In addition to works he created of Olga, many of his later pieces also took a centralized focus on his two other love interests, Marie Theresa Walter and Dora Maar. Pablo Picasso remarried Jacqueline Roque in 1961; the couple remained married until his death 12 years later, in 1973.

In 1944, after the liberation of Paris, Picasso, then 63 years old, began a romantic relationship with a young art student named Françoise Gilot. She was 40 years younger than he was. Picasso grew tired of his mistress Dora Maar; Picasso and Gilot began to live together. Eventually, they had two children: Claude Picasso, born in 1947 and Paloma Picasso, born in 1949. In her 1964 book Life with Picasso, Gilot describes his abusive treatment and myriad infidelities which led her to leave him, taking the children with her. This was a severe blow to Picasso.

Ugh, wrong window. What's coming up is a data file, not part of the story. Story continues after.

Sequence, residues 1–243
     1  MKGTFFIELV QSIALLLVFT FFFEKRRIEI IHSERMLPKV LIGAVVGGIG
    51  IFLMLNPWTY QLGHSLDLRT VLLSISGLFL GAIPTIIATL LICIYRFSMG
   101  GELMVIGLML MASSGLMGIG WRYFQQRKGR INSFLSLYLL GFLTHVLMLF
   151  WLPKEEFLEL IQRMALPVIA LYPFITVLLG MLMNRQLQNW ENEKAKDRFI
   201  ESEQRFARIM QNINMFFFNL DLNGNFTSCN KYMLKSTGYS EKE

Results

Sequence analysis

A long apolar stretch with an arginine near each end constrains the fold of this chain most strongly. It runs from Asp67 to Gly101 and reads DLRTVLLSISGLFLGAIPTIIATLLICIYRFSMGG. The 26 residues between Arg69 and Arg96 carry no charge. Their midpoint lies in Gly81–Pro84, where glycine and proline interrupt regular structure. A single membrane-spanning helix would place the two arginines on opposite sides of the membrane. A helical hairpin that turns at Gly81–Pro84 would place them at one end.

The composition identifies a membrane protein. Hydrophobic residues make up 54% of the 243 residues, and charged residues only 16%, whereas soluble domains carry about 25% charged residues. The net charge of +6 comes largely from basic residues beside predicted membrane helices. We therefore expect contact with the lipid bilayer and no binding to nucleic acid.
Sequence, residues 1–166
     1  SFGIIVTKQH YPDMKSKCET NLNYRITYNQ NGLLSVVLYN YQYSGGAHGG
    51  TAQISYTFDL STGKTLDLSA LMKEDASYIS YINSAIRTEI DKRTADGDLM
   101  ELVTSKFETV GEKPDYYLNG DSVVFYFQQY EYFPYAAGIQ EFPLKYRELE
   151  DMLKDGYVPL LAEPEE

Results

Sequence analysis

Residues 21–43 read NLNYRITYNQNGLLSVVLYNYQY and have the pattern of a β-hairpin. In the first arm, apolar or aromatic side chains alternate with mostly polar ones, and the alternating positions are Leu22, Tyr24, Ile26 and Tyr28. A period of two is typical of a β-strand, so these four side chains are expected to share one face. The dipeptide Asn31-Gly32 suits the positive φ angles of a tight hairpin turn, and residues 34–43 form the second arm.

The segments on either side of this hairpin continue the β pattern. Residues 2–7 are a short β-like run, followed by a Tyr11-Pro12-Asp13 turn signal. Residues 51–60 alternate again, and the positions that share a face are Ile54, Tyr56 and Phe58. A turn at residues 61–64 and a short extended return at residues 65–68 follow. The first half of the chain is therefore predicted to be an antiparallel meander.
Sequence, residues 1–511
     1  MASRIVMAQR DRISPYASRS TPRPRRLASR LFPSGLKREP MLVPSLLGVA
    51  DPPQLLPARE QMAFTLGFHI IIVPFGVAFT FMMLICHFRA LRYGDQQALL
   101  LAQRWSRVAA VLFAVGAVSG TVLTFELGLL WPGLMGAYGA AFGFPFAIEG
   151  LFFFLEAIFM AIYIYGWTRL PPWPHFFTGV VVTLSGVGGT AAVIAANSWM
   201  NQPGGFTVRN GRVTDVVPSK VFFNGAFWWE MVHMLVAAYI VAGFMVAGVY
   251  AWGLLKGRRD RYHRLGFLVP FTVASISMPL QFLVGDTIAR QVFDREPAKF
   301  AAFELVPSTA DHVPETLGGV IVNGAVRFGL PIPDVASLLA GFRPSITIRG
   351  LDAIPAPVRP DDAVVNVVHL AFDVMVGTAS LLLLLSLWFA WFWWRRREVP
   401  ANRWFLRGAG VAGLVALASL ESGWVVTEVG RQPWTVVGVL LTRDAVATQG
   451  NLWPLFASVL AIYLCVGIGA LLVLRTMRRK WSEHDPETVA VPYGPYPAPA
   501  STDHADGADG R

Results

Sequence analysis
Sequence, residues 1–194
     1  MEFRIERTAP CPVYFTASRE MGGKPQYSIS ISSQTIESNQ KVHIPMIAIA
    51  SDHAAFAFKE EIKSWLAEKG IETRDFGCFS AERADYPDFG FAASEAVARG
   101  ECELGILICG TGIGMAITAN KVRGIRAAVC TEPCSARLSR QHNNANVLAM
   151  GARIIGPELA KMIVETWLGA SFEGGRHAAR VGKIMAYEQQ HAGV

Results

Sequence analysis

Picasso also created sculpture and prints throughout his long career and made numerous important contributions to both media. He periodically worked in ceramics and designed sets, curtains, and interiors for the theater.

Career and Works

During his stay in Paris, Pablo Picasso was constantly updating his style; he did work from the blue period, the rose period, African influenced style, to cubism, surrealism, and realism. Not only did he master these styles, he was a pioneer in each of these movements, and influenced the styles to follow throughout the 20th century, from the initial works he created. In addition to the styles he introduced to the art world, he also worked through the many different styles which appeared, while working in Paris. Not only did he continually improve his style, and the works he created, he is well known because of the fact that he had the ability to create in any style which was prominent during the time.